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Encyclopedia > Fundamental Orders of Connecticut

The Fundamental Orders were adopted by the Connecticut Colony council on January 14, 1638. OS (January 24, 1639 NS)[1][2] The orders describe the government set up by the Connecticut River towns, setting its structure and powers. A map of the Connecticut, New Haven, and Saybrook colonies. ... is the 14th day of the year in the Gregorian calendar. ... Events March 29 - Swedish colonists establish first settlement in Delaware, called New Sweden. ... Old Style can refer to: Old Style and New Style dates, a shift from the Julian to the Gregorian calendar: in Britain in 1752, in Russia in 1918. ... is the 24th day of the year in the Gregorian calendar. ... Events January 14 - Connecticuts first constitution, the Fundamental Orders, is adopted. ... In Britain and countries of the British Empire, Old Style or O.S. after a date means that the date is in the Julian calendar, in use in those countries until 1752; New Style or N.S. means that the date is in the Gregorian calendar, adopted on 14 September... The Connecticut River as seen from the French King Bridge in western Massachusetts. ... The system of local government in use in New England is very different from that found throughout the rest of the United States. ...

It has the features of a written constitution, and is largely considered the first written Constitution in Western history, and thus earned Connecticut its nickname of The Constitution State. The orders were transcribed into the official colony records by the colony's secretary Thomas Welles. Thomas Welles (1598-1660) is the only man in Connecticuts history to hold all four top offices: governor, deputy governor, treasurer, and secretary. ...

Individual rights

The Fundamental Orders of Connecticut is a short document, but contains some principles that were later applied in creating the United States government. Government is based in the rights of an individual, and the orders spell out some of those rights, as well as how they are ensured by the government. It provides that all free men share in electing their magistrates, and uses secret, paper ballots. It states the powers of the government, and some limits within which that power is exercised.

In one sense, the Fundamental Orders were replaced by a Royal Charter in 1662, but the major outline of the charter was written in Connecticut and embodied the Orders' rights and mechanics. It was carried to England by Governor John Winthrop and basically approved by the British King, Charles II. The colonists generally viewed the charter as a continuation and surety for their Fundamental Orders. Gov. ... Charles II (29 May 1630 – 6 February 1685) was the King of England, Scotland, and Ireland. ...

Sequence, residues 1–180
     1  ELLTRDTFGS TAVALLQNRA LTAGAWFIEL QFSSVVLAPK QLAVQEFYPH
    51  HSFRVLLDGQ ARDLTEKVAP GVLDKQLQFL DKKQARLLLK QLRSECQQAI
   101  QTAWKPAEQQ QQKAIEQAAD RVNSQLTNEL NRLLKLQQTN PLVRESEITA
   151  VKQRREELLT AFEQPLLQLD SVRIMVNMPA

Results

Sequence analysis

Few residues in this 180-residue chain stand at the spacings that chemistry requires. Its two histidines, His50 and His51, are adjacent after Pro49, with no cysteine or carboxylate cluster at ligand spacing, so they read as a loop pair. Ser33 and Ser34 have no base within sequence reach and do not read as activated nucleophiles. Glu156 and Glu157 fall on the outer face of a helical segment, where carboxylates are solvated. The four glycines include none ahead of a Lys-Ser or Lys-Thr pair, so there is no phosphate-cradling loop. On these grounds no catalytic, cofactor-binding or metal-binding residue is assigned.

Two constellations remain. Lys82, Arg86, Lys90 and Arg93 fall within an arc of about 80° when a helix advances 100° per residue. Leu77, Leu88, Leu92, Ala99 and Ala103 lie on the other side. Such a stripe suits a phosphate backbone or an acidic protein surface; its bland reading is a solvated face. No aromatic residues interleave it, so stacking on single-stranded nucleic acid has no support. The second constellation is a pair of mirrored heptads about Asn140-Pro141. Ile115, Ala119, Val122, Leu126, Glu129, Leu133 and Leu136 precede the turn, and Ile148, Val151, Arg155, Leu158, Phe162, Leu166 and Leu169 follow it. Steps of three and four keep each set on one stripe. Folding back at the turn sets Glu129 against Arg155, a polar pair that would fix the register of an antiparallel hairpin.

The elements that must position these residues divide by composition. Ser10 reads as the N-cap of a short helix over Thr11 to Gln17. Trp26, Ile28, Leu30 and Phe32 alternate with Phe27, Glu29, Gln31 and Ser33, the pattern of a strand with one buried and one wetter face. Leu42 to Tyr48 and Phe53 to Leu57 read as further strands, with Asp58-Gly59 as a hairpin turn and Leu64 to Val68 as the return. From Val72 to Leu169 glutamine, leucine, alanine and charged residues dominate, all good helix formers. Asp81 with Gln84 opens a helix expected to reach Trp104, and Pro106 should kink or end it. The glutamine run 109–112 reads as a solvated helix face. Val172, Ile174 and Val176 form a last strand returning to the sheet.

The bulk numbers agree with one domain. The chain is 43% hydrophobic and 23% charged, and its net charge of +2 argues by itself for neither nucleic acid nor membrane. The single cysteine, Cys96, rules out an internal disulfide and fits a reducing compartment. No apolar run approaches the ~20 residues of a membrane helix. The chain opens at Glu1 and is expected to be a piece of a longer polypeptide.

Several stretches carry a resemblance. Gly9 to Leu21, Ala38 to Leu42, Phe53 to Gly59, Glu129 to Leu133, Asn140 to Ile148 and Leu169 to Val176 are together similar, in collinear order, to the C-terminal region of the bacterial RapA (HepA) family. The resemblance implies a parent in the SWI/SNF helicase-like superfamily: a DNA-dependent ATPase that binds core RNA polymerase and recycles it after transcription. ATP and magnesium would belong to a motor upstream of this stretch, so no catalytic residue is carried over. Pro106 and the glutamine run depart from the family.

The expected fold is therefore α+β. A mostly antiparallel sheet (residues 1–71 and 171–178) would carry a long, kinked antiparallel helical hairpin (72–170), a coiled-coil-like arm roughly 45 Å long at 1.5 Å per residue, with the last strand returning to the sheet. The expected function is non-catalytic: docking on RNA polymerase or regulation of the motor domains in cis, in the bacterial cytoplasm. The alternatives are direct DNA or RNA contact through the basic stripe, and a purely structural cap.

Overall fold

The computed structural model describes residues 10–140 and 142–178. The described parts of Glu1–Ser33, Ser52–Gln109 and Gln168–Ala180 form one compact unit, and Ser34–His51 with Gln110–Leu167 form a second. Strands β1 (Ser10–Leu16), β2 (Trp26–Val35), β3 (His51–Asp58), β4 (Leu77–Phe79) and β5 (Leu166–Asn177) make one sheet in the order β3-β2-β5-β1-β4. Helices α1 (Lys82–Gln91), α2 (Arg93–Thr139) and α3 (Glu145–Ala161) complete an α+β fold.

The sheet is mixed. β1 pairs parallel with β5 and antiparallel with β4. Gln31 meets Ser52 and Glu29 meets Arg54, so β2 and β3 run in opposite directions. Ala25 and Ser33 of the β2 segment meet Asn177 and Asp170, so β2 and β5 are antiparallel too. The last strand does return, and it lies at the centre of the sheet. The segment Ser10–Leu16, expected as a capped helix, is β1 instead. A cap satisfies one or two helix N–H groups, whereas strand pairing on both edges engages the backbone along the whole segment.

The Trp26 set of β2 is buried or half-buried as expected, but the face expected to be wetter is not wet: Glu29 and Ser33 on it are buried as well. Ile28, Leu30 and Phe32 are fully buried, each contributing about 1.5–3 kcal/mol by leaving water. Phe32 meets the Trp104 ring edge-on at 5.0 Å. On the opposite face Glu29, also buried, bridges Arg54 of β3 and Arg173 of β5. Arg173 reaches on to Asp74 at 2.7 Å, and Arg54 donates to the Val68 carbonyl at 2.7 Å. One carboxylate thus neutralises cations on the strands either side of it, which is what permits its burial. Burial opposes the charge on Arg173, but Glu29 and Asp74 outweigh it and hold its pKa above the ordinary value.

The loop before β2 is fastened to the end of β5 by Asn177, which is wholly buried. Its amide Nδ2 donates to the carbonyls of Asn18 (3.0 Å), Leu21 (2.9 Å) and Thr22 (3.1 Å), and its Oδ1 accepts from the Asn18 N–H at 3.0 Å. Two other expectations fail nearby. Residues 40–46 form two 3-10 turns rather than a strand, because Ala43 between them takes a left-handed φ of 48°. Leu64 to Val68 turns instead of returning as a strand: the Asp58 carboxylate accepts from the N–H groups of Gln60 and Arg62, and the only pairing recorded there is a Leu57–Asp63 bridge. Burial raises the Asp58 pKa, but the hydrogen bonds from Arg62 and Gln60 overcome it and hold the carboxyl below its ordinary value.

Today, the individual rights in the Orders, with others added over the years, are still included as a Declaration of Rights in the first article of the current Connecticut Constitution, adopted in 1965. The first written constitution of America.


  1. ^ Roland, Jon. The Fundamental Orders. The Constitution Society. Retrieved on 2007-01-14.
  2. ^ Fundamental Orders. The Columbia Encyclopedia, Sixth Edition. Columbia University Press (2005). Retrieved on 2006-09-13.

Year 2007 (MMVII) is the current year, a common year starting on Monday of the Gregorian calendar and the AD/CE era in the 21st century. ... is the 14th day of the year in the Gregorian calendar. ... Year 2006 (MMVI) was a common year starting on Sunday of the Gregorian calendar. ... is the 256th day of the year (257th in leap years) in the Gregorian calendar. ...

External links

  • Original text of the Fundamental Orders Of Connecticut

  Results from FactBites:
Connecticut's Heritage Gateway (442 words)
For two years before the adoption of the Fundamental Orders by the Connecticut General Court on January 14, 1638/39, the three river towns cooperated under a simple form of government that was composed of magistrates and representatives from each town, but the towns had no formal instrument of government.
No religious test was established for voting, the Orders omitted all reference to the authority of the crown, and the General Court was given supreme authority over the towns and their inhabitants.
While the Fundamental Orders of Connecticut cannot probably be considered a constitution in the modern sense, the Orders, nevertheless, served as the basis for government in Connecticut until 1662.
Connecticut - Printer-friendly - MSN Encarta (515 words)
The Fundamental Orders of Connecticut, a set of laws drawn up by the people of Windsor, Hartford, and Wethersfield in 1639, served as the colony’s first constitution.
Connecticut’s local government units are called towns, although, as in New England generally, they are quite similar to townships elsewhere in the nation and may include several incorporated and unincorporated communities.
Connecticut elects two U.S. senators and five members of the U.S. House of Representatives.
  More results at FactBites »



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